“There are some, particularly Black men, who seem to be OK with Trump as long as the jobs are coming back, as long as they can provide for their families,” he said. “They’re not necessarily thrilled by what he says and does, but it’s been effective.”

Trump “missed an opportunity” to denounce white supremacy in the first presidential debate, and that could cost him Black votes in Detroit, Bradley acknowledged. “That’s a big challenge. The message just has to be clear.”

Economic uptick

Republicans point to the pre-pandemic economy as proof that Trump’s tax cuts and pro-business policies were working for Detroit. The city added 10,187 jobs between 2016 and 2019, a 5 percent increase that outpaced the state's 3 percent rate, according to Michigan data

But that upward trend began in 2014 after the city emerged from a historic municipal bankruptcy, a recovery Biden played a role in as vice president, according to Mayor Mike Duggan, a Democratic ally. The city still remains one of the poorest in America.

Detroit's 8.8 percent unemployment rate for 2019 was more than double the statewide rate of 4.1 percent, a disparity magnified by the pandemic. As of August, the city’s unemployment rate stood at 21 percent, while the state’s had dropped to 9 percent. 

Median income for Detroit households between 2014 and 2018 was just $29,481, well below the statewide median of $54,938. The median home value over that same span was $45,700, about a third of the statewide median of $146,200. Detroit’s 36.3 percent poverty rate for 2019 was nearly triple the statewide rate of 13 percent.

Service, transportation and construction sectors have driven Detroit’s recent job growth, according to University of Michigan economists. Manufacturing remains an economic bedrock in Detroit, but U-M does not project huge job growth in the sector despite ongoing construction of a new Fiat-Chrysler assembly plant on Mack Avenue.

Democrats contend Detroit would be much worse off without federal action under Biden and former President Barack Obama, including the 2009 auto industry bailout that helped Chrysler and General Motors avoid collapse, paving the way for recent investments. 

Biden has touted his auto industry credentials in multiple campaign stops in Detroit, including a Friday voter mobilization event where he called himself a “car guy” while speaking from a stage between a Ford Mustang and Chevrolet Corvette.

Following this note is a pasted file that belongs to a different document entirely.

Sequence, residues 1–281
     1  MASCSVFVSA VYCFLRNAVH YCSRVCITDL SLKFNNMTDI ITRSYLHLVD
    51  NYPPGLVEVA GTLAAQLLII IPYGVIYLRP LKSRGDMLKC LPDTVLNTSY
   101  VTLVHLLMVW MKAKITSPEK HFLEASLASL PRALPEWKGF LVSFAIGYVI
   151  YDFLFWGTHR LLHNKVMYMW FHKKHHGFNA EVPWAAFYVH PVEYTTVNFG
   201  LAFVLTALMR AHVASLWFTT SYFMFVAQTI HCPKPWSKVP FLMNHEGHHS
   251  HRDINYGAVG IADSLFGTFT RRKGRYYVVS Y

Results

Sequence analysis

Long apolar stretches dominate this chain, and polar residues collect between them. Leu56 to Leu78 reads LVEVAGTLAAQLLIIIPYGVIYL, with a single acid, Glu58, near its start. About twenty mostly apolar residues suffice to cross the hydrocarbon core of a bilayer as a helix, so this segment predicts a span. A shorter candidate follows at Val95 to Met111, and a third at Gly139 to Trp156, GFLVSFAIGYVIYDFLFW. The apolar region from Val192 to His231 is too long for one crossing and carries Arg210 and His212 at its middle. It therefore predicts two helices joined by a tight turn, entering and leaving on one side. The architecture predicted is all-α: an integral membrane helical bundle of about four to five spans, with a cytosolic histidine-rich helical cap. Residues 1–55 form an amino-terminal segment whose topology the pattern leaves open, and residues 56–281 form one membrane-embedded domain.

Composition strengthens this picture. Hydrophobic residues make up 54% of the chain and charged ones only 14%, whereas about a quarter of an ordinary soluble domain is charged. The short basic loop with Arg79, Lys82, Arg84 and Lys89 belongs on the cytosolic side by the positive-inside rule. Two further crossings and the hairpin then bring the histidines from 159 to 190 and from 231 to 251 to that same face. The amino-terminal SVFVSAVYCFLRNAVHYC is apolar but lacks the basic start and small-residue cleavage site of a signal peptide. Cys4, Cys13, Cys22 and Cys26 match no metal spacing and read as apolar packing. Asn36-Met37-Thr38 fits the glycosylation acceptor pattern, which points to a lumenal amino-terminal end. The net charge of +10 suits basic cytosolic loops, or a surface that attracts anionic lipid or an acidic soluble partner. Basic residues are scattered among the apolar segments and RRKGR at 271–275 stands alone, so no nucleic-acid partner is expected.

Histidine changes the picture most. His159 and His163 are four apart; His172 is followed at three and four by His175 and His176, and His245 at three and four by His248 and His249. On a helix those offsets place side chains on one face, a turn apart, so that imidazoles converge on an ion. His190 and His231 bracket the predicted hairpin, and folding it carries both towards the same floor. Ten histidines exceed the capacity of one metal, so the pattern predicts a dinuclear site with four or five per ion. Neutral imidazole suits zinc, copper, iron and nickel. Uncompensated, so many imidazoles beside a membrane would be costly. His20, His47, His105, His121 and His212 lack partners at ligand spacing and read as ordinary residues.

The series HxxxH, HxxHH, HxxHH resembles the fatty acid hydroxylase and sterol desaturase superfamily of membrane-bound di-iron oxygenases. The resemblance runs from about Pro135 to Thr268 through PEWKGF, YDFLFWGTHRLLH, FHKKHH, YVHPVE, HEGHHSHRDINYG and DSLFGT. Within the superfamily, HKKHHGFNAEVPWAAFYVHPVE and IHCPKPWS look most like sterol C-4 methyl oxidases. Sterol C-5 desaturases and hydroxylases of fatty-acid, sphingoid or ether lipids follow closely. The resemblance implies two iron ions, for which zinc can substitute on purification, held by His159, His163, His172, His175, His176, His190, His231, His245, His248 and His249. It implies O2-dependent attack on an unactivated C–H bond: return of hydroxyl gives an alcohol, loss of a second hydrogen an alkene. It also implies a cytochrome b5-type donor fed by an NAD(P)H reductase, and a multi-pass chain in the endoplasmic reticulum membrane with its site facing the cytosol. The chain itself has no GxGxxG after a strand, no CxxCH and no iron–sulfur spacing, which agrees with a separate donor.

As vice president, Biden visited “over and over again” during Detroit’s municipal bankruptcy and helped deliver a $26 million federal grant for new buses, Duggan said last month in a warm-up speech for Kamala Harris. 

“He didn’t say, ‘It’s not my job.’ He came forth with a plan that got us those buses and he came out himself to see them delivered,” Duggan said, contrasting Biden’s crisis response to Trump’s handling of COVID-19. 

“Detroit, I believe, is going to decide the election in Michigan. We’re going to turn out big.”

asandi conner

‘Apathy is still real’

Despite rosy turnout projections, “apathy is still real” in Detroit, said Al Williams, a local Democratic strategist. 

“The Democratic Party has done a great job reaching their most likely voters and inspiring new voters, but I think that there are some people who have just been turned off by the party’s positions on certain things over the years, including this pandemic and how its affected business owners,” Williams said. 

That’s the case for Moustapha Gueye, owner of African Fabrics & Fashion on Detroit’s Avenue of Fashion, who said his business has been hit by “back to back” obstacles – first a streetscaping project that restricted foot traffic last year, and now the pandemic. 

Sitting at his sewing machine, beneath an Obama tapestry, Gueye said he is not sure who he will vote for next month, or if he’ll vote at all.

“I don’t get anything from it,” he said.  

Democrats don’t just have to persuade Detroiters to vote, they have to convince Detroiters their votes will be counted, Williams said, telling Bridge that speculation over postal service delays and recurring problems at the city clerk’s office have jeopardized local faith in the process.

“People are going to turn out, but I think we are pessimistically concerned, sitting on the edge of our seats, to see whether or not everyone’s votes will be counted, and will be able to be recounted” if there is another close election like 2016, Williams said.

Detroit Clerk Janice Winfrey’s team struggled to process a deluge of absentee ballots in the August primary, leaving more than half of the city’s precincts ineligible for a recount because of recordkeeping irregularities.  

Michigan Secretary of State Jocelyn Benson is working to recruit and train more than 6,000 election workers for Detroit and provide other support to the city in the general election. 

More than a Vote, a group headlined by NBA superstar LeBron James, has provided an assist. It's recruited more than 20,000 national volunteers to work elections in Detroit, Flint and cities in other states with significant Black populations, said Benson, who is an adviser to the group. 

Michigan has recruited 26,000 volunteers of its own, and "part of the work is now to see who in that group wants to be placed in Detroit, Flint or other areas, because other jurisdictions have needs as well,” Benson told Bridge. 

Democrats are encouraging residents to vote early in Detroit, where the city this week opened 23 satellite offices and 30 absentee ballot drop boxes. 

A steady stream of voters were dropping off ballots Monday at the Northwest Activities Center — and most said they were voting for Biden. 

“I just didn't feel safe mailing it,” said Peggy Williams, a 73-year-old retired Detroit public school principal. 

Trump’s claim that he’s done more for Black Americans than any president since Abraham Lincoln rings hollow, she said. “I don’t think he knows what he’s talking about. It’s like a lot of the things he says — they’re not true.”